Terri told me that at that time she started to bleed from her face.
“You have the opportunity to rip their freaking head off and let them bleed,” roars one.
A repeat “bleed Fallujah, bleed Fallujans” approach will fail.
But she continued to bleed, and the staff became all the more alarmed.
Another previous incident had caused Calyx's mouth to bleed, Calyx said, although Julie said she never saw any blood.
That being so, it wouldnt be good policy to bleed you too severely.
To bleed is supposed, when so employed, to be a cant term of modern origin.
They perhaps will some day wear out, but the wounds that my spirit received in those hours have not yet ceased to bleed.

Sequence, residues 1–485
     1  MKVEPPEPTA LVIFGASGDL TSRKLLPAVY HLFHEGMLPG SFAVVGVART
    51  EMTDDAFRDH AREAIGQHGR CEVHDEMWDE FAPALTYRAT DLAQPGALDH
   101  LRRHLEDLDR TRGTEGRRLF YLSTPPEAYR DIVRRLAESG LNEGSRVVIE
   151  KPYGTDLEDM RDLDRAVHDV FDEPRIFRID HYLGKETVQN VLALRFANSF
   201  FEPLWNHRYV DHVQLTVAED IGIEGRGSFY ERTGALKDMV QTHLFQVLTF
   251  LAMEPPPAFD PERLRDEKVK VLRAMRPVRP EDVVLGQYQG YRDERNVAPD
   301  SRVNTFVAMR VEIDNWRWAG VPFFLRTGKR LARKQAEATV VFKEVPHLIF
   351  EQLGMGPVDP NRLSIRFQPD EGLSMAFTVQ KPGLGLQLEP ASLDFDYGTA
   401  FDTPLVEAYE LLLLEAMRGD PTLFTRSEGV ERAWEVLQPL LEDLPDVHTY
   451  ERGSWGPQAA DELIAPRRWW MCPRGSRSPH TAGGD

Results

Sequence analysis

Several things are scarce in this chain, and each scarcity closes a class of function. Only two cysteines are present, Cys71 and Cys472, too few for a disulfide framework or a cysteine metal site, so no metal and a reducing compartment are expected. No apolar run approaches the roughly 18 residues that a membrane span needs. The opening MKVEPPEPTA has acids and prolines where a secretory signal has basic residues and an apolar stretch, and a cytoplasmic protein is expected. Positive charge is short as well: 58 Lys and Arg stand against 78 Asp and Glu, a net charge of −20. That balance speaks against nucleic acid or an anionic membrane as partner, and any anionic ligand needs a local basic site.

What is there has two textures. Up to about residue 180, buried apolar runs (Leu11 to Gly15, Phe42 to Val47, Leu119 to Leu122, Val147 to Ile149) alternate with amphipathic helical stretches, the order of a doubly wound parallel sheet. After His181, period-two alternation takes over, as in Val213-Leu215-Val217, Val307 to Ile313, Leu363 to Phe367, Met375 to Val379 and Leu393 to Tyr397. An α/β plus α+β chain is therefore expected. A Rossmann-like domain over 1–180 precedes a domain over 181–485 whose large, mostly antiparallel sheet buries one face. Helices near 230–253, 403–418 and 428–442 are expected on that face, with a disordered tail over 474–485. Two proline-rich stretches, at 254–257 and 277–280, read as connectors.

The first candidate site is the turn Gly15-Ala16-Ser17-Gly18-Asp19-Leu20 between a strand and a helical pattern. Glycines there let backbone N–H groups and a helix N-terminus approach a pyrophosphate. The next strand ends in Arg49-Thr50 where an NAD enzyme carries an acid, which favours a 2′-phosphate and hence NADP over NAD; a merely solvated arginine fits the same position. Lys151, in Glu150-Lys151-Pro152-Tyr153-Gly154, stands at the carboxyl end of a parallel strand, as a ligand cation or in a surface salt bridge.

They would fast or bleed to win a race of paper boats on a pond.
They kept them greased so their knees and knuckles would ruff up and bleed.
Old English bledan "to let blood," in Middle English and after, "to let blood from surgically;" also "to emit blood," from Proto-Germanic *blodjan "emit blood" (cf. Old Norse blæða, German bluten), from *bhlo-to- "swell, gush, spurt" (see blood (n.)). Meaning "extort money from" is from 1670s. Of dyes or paints, from 1862. Related: Bled; bleeding.
v. bled (blěd), bleed·ing, bleeds
To lose blood as a result of rupture or severance of blood vessels.
To take or remove blood from.
To take someone's money by overcharging or extortion: His creditors bled him to death (1680s+)